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Author Topic: TV star Garry Shandling was a ham WA7BKG  (Read 7312 times)
KB2WIG
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Posts: 625




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« Reply #15 on: March 29, 2018, 05:31:15 PM »




Marconi was a ham.


klc

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EXTRALight  1/3 less WPM than a Real EXTRA
WW7KE
Member

Posts: 937




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« Reply #16 on: March 29, 2018, 05:45:30 PM »

I got 12 out of 15 correct.  I check the DX cluster from time to time using WB6ACU as a search term to see if Joe Walsh gets spotted on HF. Most of the time it brings nothing back from the search.

That's because his station is at his mansion (forget the price).  He ain't never been there, they tell him it's nice.   Grin

...so he got him a ham shack gold records on the wall-just start a QSO, maybe he'll call Smiley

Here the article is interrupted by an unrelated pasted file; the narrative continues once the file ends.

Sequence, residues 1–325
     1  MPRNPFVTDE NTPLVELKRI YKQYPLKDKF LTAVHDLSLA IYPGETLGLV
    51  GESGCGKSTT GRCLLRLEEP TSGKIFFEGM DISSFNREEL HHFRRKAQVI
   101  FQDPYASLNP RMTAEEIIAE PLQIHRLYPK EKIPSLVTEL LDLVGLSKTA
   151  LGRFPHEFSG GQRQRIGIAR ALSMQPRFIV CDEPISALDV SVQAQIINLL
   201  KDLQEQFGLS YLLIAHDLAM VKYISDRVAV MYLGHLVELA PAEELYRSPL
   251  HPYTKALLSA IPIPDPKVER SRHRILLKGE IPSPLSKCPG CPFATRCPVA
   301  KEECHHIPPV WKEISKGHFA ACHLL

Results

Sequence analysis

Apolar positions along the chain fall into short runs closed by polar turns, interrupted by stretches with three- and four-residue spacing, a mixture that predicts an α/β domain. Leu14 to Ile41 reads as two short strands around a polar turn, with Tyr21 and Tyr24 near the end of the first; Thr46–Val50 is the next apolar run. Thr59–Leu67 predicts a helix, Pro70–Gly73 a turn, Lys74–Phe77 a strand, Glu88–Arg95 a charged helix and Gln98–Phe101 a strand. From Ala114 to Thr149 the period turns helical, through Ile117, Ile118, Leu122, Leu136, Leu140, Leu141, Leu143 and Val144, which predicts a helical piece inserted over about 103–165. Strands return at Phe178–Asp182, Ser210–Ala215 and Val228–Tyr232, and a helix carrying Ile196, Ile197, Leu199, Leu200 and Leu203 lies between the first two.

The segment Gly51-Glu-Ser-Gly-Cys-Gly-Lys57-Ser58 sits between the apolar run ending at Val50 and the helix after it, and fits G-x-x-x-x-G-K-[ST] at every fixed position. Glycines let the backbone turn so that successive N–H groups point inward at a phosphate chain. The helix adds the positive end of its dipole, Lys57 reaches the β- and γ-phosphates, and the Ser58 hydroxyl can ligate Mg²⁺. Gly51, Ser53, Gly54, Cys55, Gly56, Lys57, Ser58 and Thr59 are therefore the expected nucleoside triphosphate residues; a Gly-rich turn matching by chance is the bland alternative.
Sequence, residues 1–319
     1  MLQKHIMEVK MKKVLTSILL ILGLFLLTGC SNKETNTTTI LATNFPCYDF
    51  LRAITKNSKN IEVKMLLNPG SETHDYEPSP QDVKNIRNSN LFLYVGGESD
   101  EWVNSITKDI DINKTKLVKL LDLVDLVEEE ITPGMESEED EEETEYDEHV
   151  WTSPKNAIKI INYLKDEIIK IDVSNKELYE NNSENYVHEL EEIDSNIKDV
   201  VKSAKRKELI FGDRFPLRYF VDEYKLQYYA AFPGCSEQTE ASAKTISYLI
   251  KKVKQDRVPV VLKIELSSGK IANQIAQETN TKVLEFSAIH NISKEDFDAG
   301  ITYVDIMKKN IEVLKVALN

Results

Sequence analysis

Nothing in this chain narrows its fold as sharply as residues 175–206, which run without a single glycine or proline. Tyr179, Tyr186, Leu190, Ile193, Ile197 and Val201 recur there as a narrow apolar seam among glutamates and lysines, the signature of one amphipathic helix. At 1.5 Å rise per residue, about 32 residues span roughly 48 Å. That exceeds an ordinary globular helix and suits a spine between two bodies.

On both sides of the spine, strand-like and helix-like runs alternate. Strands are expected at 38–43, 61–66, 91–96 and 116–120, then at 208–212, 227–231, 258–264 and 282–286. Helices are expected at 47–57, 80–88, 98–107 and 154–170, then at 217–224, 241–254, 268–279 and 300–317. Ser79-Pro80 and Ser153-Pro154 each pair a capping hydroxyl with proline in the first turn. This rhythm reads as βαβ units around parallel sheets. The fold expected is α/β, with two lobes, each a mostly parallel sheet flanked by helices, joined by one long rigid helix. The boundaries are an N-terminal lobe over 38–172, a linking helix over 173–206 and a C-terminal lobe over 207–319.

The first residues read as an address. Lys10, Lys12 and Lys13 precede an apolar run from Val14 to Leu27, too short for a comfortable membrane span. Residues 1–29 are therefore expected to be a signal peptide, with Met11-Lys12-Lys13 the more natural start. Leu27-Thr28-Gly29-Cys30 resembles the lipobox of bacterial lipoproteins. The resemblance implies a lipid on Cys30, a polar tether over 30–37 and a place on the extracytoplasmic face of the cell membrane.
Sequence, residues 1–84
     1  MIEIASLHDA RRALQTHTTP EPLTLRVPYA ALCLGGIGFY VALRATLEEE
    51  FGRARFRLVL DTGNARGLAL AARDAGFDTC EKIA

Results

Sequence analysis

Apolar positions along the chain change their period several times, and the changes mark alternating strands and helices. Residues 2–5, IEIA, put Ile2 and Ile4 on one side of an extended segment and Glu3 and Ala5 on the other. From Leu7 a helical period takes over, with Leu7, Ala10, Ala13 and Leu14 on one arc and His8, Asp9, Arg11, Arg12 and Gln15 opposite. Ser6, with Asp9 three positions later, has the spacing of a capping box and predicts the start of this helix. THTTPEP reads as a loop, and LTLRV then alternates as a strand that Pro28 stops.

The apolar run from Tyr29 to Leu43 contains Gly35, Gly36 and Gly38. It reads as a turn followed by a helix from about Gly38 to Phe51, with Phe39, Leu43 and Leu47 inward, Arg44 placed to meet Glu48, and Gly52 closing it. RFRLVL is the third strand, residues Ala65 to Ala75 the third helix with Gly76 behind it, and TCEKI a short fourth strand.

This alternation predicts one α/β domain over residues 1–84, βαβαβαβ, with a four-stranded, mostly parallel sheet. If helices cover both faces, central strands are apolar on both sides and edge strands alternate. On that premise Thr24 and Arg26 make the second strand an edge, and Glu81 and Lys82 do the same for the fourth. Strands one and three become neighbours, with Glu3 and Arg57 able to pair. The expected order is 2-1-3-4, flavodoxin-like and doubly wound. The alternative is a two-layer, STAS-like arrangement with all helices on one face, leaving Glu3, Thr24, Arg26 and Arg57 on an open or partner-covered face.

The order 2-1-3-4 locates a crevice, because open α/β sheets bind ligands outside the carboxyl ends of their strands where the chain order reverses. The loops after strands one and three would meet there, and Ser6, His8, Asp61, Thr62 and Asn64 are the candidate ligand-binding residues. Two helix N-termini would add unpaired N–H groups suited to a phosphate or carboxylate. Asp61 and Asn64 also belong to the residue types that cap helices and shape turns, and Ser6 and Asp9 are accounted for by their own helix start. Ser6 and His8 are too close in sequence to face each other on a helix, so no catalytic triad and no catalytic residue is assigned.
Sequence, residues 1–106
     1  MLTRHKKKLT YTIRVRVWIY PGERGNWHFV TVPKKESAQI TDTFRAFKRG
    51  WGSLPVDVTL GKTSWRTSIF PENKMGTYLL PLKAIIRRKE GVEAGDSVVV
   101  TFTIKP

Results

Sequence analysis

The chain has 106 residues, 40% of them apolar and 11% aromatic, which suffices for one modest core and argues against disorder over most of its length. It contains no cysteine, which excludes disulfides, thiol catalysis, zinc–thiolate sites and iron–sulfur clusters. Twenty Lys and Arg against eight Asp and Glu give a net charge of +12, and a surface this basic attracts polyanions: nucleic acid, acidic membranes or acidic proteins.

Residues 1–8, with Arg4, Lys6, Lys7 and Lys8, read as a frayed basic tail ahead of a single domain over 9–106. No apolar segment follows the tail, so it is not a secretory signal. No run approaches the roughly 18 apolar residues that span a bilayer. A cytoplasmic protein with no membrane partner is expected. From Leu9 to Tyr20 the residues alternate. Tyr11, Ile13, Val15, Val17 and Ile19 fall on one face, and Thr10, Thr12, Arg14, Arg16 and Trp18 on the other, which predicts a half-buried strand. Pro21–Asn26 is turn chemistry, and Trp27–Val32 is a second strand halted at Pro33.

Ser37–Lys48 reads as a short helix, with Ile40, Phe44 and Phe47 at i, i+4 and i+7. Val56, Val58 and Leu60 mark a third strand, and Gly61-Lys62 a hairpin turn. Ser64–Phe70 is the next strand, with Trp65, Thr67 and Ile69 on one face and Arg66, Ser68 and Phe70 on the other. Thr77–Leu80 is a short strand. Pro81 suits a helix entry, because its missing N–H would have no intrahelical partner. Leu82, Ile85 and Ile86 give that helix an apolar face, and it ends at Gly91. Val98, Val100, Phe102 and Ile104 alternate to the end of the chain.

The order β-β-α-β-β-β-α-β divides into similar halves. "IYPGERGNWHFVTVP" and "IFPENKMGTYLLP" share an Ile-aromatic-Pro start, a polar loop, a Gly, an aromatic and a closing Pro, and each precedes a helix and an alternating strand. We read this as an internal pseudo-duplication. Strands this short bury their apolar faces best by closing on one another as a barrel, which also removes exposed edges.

How about this:

So he got him a ham shack, QSL cards on the wall. Send out a CQ, maybe he'll call. Grin
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He speaks fluent PSK31, in FT8...  One QSO with him earns you 5BDXCC...  His Wouff Hong has two Wouffs... Hiram Percy Maxim called HIM "The Old Man..."  He is... The Most Interesting Ham In The World!
HFCRUSR
Member

Posts: 350




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« Reply #17 on: March 29, 2018, 06:21:17 PM »

I got 12 out of 15 correct.  I check the DX cluster from time to time using WB6ACU as a search term to see if Joe Walsh gets spotted on HF. Most of the time it brings nothing back from the search.

That's because his station is at his mansion (forget the price).  He ain't never been there, they tell him it's nice.   Grin